For decades, Germany has been a major player - driving force, model and host country - in the European patent system. Gert Kolle, principal director (rtd) for "International Legal Affairs and Patent Law" at the EPO, describes its role in bringing about the 1973 European Patent Convention (EPC), and how it continues to shape the patent system in Europe today.
Gert Kolle (GK): From the start, Germany played an important role in "Europeanising" patent law. After the second world war, the German government was very active, first in the Council of Europe and then in the newly created European Economic Community. It was also part of the process of peace and reconciliation for Germany to demonstrate that it was willing and able to make a major contribution to the harmonisation of European law.
The then President of the German office, Kurt Haertel, was strongly in favour of the European patent, and had the full backing of the federal government and justice ministry.
Haertel led the preparatory work for the European patent, and played a large part in the success of the Munich Diplomatic Conference that produced the EPC. Thanks to him, the new European patent system then became reality very quickly. That would never have happened without Germany and France.
GK: Haertel was always the driving force, but tended to hide his light under a bushel. He always said he didn't really know very much about patent law. But with his team of experts he still managed to set up a complex system. Besides his professional expertise, he was above all a visionary with the charisma to get people round a table and win them over.
Of course, Haertel had important allies, including Bob van Benthem from the Netherlands, who subsequently became the first President of the European Patent Office, and Edward Armitage, then head of the UK office. But it was always Haertel who held things together.
GK: Mainly because since 1877, following its industrial revolution, Germany has had an effective examining system, in which its patent office thoroughly searches each application to identify relevant prior art, and then uses that search for substantive examination of the invention's novelty, inventive step and industrial applicability.
That's very different from registration systems,
which leave it up to the courts to rule on patentability issues. Many EPC
contracting states still have such systems today.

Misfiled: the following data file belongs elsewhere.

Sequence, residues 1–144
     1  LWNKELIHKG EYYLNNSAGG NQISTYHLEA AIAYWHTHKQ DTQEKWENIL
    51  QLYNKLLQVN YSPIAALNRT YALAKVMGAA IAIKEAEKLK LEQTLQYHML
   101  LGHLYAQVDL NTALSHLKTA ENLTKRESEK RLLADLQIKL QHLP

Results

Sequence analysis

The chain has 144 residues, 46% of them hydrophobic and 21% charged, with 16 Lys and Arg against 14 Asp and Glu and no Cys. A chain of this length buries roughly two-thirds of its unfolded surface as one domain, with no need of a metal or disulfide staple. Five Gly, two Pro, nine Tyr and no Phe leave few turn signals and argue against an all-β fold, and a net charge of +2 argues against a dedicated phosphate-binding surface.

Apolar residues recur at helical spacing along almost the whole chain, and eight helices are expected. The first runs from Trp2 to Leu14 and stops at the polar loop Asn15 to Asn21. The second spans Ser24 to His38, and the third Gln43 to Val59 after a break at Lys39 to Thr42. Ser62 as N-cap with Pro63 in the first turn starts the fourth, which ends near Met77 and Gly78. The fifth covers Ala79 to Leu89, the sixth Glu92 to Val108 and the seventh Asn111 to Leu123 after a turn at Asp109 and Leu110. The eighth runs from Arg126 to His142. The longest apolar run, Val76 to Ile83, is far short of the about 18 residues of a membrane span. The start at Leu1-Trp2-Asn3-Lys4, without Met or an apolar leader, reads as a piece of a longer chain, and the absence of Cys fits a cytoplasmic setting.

With the EPO, all 38 member states now have an examining office.
One such major feature is the EPC's opposition procedure. This gives people
nine months, as from publication, to challenge the patent and get the EPO to
review its grant decision. About 5% of all European patents granted are opposed.
Another is an effective system of legal recourse against patent-office decisions. The EPO's boards of appeal are like courts, giving applicants and opponents a further opportunity to challenge decisions and have them reviewed.
Since the EPC came in, Germany's old "inventive level" is now known all over Europe as "inventive step". To be patentable, an invention must be not only new but also not obvious to the skilled person from the prior art.
Before the EPO opened, users were consulted.
They made it clear that they wanted the EPO to follow German practice on inventive
step, which they regarded as the happy medium between the UK's unduly liberal approach and the Netherlands'
excessively stringent one.
Over the years, of course, in the light of board of appeal case law, the EPO has developed its own practice, as laid down in detail in its Guidelines for Examination. Most people think its approach is the right one.
As long as Germany remains a major industrial nation, it is in the fundamental interest of its economy and political class to have the best possible patent system. That is why - along with many other EU countries - it has been very active in preparations for the European unitary patent which should come about next year.
With its extremely patent-conscious industry, Germany will always play a leading role in industrial property, both internationally and especially of course at European level.
As a research assistant in patent law at the Max Planck Institute from 1969, Gert Kolle followed the work leading up to EPC 1973 very closely. He joined the EPO in 1980, and as head of "International Legal Affairs and Patent Law" helped to oversee the EPC revision that took effect at the end of 2007.